I know that I have to practice a lot of self-care during hellos and goodbyes. When a child enters my home, it is super crazy stressful. It is one thing to read about a story of abuse in the newspaper or to see a story on the local news. But it is totally different when that story becomes a full, living, breathing, wounded person that is now living in your home.
Simply absorbing the story is physically painful to me sometimes.
And then there are all the doctor appointments and social worker appointments that happen immediately after placement. Most of the time you have to retell the story of the abuse over and over to different professionals. It's exhausting.
(And can you imagine being the child?! They LIVED it. Imagine how they feel!)
So when kids come I prepare as best as I can. I have groceries purchased and meal plans made. This isn't always easy when it's an emergency placement. But I usually manage to get a lot done in the few hours between the phone call and the drop-off. That gives me time to just be still with the child. Give them space to adjust.
I think it takes a minimum of a month for a child to adjust to removal and placement. And that's just a bare minimum adjustment. I'm not saying behaviors go away and everyone is all hunky dory. I'm just saying that they have sort of an idea of the routines in my home and the kid feels a little less like a stranger to me and more like they belong. We all adjust to the new normal.
And then there is the other end of the spectrum...the letting go.
When Dude and Dolly were taken from me the letting go just about crippled me. I had never hurt so bad. They gave us less than five hours to say goodbye. I had to pack them up with enough things for a couple weeks and send them on their way. I wasn't ready. They weren't ready. It was as much of a surprise as their arrival was. It was hell.
When Daisy left it was better. The transition had been long enough. The State had told me what they were planning on doing. I had already packed her things and thought about what my life would look like with her gone. (Yes...I was looking forward to sleeping again.)
I wasn't thrilled with the idea of sending Daisy back home to her mom. But I was able to make the transition in my head and heart ahead of time. So it was easier.
I'm having to do the same thing with Russell and Star now. Anything could still happen in their case. But I have GOT to stay in the moment. It's the only way to make the transition smooth for me and for the babies.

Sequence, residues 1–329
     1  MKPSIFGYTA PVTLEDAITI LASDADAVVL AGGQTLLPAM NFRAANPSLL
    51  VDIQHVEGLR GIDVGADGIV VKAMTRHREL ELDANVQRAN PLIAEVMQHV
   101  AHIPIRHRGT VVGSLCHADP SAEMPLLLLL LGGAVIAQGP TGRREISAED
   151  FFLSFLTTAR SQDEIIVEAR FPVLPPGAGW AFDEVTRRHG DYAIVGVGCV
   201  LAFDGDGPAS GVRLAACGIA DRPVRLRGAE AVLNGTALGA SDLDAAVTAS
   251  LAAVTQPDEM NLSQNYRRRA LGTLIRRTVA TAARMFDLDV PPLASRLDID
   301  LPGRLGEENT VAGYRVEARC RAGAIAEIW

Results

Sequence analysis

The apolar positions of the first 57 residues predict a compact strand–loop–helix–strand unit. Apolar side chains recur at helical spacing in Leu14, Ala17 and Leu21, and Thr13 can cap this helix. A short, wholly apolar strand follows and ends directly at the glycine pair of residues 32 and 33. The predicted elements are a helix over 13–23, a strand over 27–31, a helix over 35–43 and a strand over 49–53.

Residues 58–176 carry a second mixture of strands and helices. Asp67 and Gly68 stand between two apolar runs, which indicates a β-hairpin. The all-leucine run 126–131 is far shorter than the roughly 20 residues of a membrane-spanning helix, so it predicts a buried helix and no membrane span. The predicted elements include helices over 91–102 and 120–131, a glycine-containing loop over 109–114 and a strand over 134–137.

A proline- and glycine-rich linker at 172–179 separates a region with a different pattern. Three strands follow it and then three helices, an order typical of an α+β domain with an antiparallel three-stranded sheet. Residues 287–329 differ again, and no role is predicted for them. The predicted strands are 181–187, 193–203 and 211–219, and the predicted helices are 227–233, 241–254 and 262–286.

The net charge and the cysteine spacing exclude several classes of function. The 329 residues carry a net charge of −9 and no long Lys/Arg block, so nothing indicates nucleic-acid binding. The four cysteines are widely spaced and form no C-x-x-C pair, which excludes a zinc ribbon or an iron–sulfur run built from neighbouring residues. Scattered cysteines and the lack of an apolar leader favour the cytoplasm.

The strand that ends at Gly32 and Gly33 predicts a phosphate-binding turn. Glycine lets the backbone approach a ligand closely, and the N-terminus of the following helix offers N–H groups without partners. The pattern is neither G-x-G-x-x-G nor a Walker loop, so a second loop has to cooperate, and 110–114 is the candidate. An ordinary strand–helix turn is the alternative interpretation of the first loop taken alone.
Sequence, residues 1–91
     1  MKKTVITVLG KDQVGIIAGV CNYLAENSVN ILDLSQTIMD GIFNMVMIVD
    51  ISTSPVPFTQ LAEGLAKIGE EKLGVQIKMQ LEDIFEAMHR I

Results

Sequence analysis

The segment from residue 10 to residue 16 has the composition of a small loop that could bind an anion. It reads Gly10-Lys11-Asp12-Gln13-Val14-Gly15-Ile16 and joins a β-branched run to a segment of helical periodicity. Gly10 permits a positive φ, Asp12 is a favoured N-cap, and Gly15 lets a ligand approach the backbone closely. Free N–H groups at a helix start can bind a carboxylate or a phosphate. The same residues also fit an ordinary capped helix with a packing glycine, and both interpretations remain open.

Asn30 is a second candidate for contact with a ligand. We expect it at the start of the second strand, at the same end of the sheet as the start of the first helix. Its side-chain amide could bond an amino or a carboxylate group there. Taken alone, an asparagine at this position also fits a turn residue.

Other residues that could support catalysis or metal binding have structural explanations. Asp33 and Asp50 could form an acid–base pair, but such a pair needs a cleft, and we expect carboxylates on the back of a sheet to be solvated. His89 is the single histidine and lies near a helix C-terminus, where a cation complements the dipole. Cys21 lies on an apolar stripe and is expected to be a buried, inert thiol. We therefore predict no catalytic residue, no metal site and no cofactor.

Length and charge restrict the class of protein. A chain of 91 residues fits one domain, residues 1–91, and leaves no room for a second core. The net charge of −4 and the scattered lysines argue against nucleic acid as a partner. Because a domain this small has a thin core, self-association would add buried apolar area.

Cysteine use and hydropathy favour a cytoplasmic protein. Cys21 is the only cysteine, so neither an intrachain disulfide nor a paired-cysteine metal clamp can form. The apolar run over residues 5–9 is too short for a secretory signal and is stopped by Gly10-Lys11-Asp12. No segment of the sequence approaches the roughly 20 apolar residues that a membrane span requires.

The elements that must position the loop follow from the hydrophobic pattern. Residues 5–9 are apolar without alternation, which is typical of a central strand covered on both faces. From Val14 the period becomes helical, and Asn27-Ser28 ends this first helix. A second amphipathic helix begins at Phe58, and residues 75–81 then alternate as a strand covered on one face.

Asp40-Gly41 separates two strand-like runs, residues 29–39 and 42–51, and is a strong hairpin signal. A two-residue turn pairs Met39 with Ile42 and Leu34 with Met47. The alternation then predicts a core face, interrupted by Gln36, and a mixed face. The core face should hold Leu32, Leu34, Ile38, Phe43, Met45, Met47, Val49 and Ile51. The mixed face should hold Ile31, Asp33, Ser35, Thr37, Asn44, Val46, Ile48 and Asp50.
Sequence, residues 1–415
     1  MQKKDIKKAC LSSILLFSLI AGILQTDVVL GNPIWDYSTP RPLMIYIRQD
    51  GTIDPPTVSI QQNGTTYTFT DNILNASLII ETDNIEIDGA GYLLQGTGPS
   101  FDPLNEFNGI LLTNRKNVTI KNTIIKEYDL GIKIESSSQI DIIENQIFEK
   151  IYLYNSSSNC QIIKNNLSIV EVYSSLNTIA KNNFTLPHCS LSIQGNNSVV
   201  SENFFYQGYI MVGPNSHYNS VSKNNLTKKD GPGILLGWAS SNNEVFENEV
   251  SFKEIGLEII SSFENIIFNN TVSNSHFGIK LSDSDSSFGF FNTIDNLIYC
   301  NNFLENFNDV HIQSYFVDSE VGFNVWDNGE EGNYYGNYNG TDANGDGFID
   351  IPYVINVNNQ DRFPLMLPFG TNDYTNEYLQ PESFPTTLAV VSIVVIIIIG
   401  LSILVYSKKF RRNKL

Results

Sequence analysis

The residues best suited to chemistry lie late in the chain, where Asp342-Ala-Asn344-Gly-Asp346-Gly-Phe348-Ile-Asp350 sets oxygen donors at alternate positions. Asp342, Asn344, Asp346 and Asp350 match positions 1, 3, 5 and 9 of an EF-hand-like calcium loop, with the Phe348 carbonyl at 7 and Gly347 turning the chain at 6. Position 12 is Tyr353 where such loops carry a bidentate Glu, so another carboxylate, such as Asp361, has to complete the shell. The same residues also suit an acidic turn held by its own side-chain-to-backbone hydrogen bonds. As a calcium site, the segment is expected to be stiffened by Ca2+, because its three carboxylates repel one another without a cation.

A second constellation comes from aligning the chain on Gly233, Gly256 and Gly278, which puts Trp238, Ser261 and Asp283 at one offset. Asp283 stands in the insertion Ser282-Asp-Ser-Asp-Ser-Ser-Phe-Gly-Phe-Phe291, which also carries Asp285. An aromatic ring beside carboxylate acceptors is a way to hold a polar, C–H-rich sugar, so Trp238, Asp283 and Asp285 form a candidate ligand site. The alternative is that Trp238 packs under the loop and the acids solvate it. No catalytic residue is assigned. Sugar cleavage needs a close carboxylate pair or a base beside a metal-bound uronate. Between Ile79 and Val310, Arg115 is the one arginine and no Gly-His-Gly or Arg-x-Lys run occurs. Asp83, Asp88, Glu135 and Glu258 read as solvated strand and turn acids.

It's little things.
Russell's ARD meeting is probably going to be held within the next couple months. If I knew he was staying with me long-term, I'd be all over the special education department to get details and to get it scheduled. And I'd be meeting with Russell's lawyer to see if it's even possible to home school him as I don't think Russell should start formal school this fall.
But if he's leaving me, it honestly doesn't make sense to push any of the school stuff. If they schedule his ARD...we'll have to do it. But if they don't...it will be up to his new care giver to take care of things. And since they don't live in the same district as me, it wouldn't be horrible for the first ARD to actually happen in the district Russell will attend.
There's a seminar coming in March being put on by Wright's Law - a special needs advocacy group. I was planning on attending. But if Russell is leaving, I don't need to. So I have to just leave the dates on my calendar and wait until after the next court hearing. No need in paying for a seminar like this if Russell is going to leave.
I need to start looking at all the toys and deciding what toys need to go with what child.
I can even start looking at how my house is currently laid out. What things will need to go back in storage? What things will I need to even possibly sell or give away?
I do these things to make it easier to say goodbye. If I can prepare just a little for the goodbye, it won't hurt as much.
I'm trying to force myself to eat. I'm trying to force myself to sleep. I really, honestly need to get OFF of Facebook. But that one is hard to do. I'm not connected to many local people. My friends are all online. But I'm going to try and wean myself off some of Facebook. I don't need to read the foster care news articles that are forever popping up in my feed. I don't need to learn more about transracial parenting right now. I need to just be a good mommy to the kids I've got in the moments I have them.
And I don't care if it's placebo effect or not...I'm taking some over the counter supplements. I don't usually struggle with anxiety. But the hellos and goodbyes (especially the goodbyes) are hard for me. I worry. I stress. I worry some more. So I'm taking some krill oil, GABA, and a Vitamin B supplement for stress.
The worrying doesn't do me any good. I can't control the reasons why Russell's grandparents are just now getting involved. I can't control what the State is going to decide about either child. So I need to stop thinking about it.
It doesn't mean I stop loving the kids or caring for them. But it does mean that I don't make up a month's worth of baby food for the freezer right now.
I survived the craziness of the ABR hearing test. (Even though Russell didn't fall asleep so now it's been rescheduled for the end of the month.) I met the grandparents. They seem very nice. I wish they would have stepped forward a year ago.
I will love these kids forever. I will be their mamma as long as the State lets me. And we'll all go from there.